Of course, this, and I think all other advice, pales compared to: It’s all in the attitude, you either have it or you don’t.

Thanks to Michael Shepherd of parosparadise.com

14. Banking Advice

My advice would be to bring some cash ($US) with which to open a bank account, and then have the remainder of the funds wired over when the account is established. I had arranged for my Scottish bank to wire money to a bank in Buffalo NY. When I arrived in Buffalo, the bank had received the funds, but returned them to Scotland, as they did not know who I was. I had just returned from Japan, so had some yen with me plus some pounds sterling, issued by the Royal Bank of Scotland. The Buffalo bank said they were unable to exchange yen, and would only exchange pounds issued by the Bank of England.

Thanks to Diane M. Radford MD, FACS, FRCSEd

15. Live Like A Local!

Take at least 2 weeks – preferably a month – and go live like a local: no hotels, no expat hangouts, no touristy stuff, just day-to-day life that you could reasonably afford for a longer term. Ideally go at the most undesirable time of year so that you can experience it as bad as it can be. If you hate it after the experiment then you probably should not move if you have the choice. If you are still loving it after living like a local, then you should do fine with moving. Always leave yourself an out so that if you need to leave the country at a moment’s notice, you have the means to do so.

Don’t cloister yourself among expats even if you live in the same part of town – get out into the community and make local acquaintances through cultural events, religious worship, volunteerism, academia, whatever. In a group of similar foreign people, you may find a range of opinions from people who absolutely love being an expat in that country to people who hate everything about it and constantly make derogatory remarks about the locals as if it weren’t them living in the locals’ home country! It’s the “us vs. them” people you want to avoid at all costs – the constant negativity is draining, toxic and sometimes contagious if it catches you on an inevitable bad day.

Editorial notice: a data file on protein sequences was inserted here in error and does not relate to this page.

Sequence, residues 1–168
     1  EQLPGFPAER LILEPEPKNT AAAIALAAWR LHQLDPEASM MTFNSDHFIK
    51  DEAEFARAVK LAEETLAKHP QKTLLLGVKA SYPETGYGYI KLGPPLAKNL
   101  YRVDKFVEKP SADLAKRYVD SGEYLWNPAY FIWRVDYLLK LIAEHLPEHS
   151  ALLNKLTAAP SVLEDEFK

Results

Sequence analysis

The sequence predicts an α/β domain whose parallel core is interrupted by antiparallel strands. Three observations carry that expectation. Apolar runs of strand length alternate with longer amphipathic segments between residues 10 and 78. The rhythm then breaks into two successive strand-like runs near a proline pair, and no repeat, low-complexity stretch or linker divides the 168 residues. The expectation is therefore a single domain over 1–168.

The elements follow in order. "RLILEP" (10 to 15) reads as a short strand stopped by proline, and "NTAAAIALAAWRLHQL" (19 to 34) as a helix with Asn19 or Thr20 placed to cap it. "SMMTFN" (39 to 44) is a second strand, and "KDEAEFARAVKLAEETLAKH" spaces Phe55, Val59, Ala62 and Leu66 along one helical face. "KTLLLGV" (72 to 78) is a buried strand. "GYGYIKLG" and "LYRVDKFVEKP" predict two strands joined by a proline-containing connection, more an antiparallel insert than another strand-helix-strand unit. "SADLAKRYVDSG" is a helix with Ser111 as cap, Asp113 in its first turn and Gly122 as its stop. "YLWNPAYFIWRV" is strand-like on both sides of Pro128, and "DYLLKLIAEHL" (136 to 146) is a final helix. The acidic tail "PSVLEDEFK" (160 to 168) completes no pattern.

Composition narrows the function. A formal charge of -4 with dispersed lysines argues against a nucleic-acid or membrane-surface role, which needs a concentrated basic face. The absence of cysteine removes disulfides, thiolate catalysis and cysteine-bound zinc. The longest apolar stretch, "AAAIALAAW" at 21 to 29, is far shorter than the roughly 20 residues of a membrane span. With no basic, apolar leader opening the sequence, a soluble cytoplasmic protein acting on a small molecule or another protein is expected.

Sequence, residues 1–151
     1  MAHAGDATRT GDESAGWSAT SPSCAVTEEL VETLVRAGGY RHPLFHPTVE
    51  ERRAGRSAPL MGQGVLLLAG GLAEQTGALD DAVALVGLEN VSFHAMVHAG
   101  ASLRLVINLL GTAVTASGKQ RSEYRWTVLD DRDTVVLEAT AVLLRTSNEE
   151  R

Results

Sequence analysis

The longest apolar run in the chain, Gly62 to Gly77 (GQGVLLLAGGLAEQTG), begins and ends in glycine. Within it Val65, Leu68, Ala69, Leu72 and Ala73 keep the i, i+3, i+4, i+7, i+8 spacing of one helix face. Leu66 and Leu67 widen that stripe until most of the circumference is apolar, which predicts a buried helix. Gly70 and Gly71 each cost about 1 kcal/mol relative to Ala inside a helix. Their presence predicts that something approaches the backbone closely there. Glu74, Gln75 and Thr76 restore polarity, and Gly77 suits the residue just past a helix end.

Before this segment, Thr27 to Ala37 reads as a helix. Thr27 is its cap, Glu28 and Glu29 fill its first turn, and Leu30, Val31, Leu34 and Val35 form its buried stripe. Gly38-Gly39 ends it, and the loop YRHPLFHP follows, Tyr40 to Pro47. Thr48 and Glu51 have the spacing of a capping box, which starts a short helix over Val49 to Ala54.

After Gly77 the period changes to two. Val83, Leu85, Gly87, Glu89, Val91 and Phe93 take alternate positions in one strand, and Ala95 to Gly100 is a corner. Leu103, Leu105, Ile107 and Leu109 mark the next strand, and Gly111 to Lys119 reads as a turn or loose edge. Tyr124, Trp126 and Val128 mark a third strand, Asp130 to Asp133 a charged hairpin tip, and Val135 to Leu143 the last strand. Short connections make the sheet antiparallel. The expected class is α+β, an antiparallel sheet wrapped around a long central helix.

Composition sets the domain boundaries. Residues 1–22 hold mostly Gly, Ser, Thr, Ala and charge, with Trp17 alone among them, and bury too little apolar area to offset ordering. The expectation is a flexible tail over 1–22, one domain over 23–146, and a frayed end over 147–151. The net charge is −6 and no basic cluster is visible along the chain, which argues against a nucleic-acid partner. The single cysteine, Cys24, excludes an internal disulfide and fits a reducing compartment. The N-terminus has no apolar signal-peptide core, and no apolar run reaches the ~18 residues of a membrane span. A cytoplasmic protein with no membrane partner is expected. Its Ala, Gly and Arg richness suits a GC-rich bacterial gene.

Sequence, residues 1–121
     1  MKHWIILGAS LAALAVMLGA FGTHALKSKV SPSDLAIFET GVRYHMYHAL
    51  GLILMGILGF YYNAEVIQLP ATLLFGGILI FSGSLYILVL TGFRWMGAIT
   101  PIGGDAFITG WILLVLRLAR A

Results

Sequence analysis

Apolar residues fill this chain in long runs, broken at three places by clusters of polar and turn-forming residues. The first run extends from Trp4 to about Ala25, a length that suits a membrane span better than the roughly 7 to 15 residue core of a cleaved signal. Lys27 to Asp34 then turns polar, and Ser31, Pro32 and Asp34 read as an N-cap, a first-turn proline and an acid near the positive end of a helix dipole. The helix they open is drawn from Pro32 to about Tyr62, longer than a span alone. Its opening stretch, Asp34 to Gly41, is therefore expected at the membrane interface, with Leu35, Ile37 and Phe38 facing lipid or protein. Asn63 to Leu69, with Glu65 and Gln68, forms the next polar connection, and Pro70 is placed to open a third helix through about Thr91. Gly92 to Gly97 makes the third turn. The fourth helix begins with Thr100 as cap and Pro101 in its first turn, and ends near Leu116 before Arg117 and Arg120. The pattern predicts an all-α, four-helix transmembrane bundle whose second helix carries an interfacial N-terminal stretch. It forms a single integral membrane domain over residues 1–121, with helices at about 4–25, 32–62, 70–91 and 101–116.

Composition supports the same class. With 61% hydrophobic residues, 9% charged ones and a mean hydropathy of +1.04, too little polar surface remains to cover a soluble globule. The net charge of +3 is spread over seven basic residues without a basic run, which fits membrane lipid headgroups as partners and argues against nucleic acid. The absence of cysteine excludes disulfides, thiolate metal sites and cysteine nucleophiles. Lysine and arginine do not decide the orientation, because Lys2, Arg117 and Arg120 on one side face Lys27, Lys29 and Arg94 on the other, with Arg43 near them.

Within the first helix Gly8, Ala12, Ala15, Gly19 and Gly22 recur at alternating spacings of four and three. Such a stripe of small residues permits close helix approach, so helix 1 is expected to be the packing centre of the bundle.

Thanks to Jan Diggs of Arabia Inform

16. How Do You Say…HELP!

Learn the local language and improve your proficiency (grammar, vocabulary, accent). This enhances your appreciation for the people/culture which will have a reciprocal effect on those you meet. It also mitigates risks while, say, obtaining a drivers license, taking the kids to the doctor, or shopping at a local market. And, it is important to be able to speak with police in the likelihood you are in a minor car accident (the #1 danger for expats) or your house has been robbed (also very common). Knowing the language for all the simple reasons (groceries) and complex (kidnap) is imperative.

Thanks to Suzanne Garber of International SOS

17. Advice For Those Considering A Move Overseas

I’m a travel agent, mom of 3 and author of “Romantic Weekends in Europe”and “The Mom’s Guide to Traveling with Kids.”.

I have lived abroad a couple of times and my first response to your question would be “Visit the place you are planning to move to before you go.” My second response is “Find out if there are any expat clubs or American clubs in the area (e.g. American Womens club) Of course it is important to immerse yourself in the culture and meet locals but an American connection can go a long way!”

Thanks to Allison Umbricht of Trips Of A Lifetime

18. Expat Help

Know yourself very very well and be ready for different types of bathrooms. Also, get to know the language and the people of the country you are living in. This will improve your security and ability to learn the best places to shop, eat and visit. Enjoy!

Thanks to Patricia DeGennaro of patriciadegennaro.com

19. Culture Tips And Culture Shock Tips

Be prepared to deal with Culture Shock and learn to manage it in easy 3 steps. I did a show for Expats Radio on the 3 steps: http://www.expatsradio.com/programmes/culture-shock-and-how-deal-it-expat.

Learn about the country you are going to — and not only the do’s and don’ts but also the prevalent cultural values and cultural blueprints. More about this in Expats Radio interview: http://www.expatsradio.com/programmes/go-or-not-go

And last but not least – adopt the 7 HABITS OF A HAPPY EXPAT: http://globalcoachcenter.com/

Thanks to Margarita Gokun Silver of Global Coach Center

20. The Life Cycle Of Culture Shock

Learn about the life cycle of culture shock. Every expat I knew in Ghana (including myself) had a difficult first few weeks that was full of uncertainty and confusion, then we loved it. However, at 3 months (on the dot), everybody suddenly hated it and felt like: “If everybody could just stop being so Ghanaian.” Plan for something really nice (maybe a trip?) for your 3 months aniversary. Know it will get better. For a while. And be patient: Harvest time (when everything falls in place) will come after about a year of digging and shaking hands and sweating hard. All of a sudden, everyone will come to you and want to work with you.

Thanks to Eva Schiffer of Net-Map

21. Change… It Happens!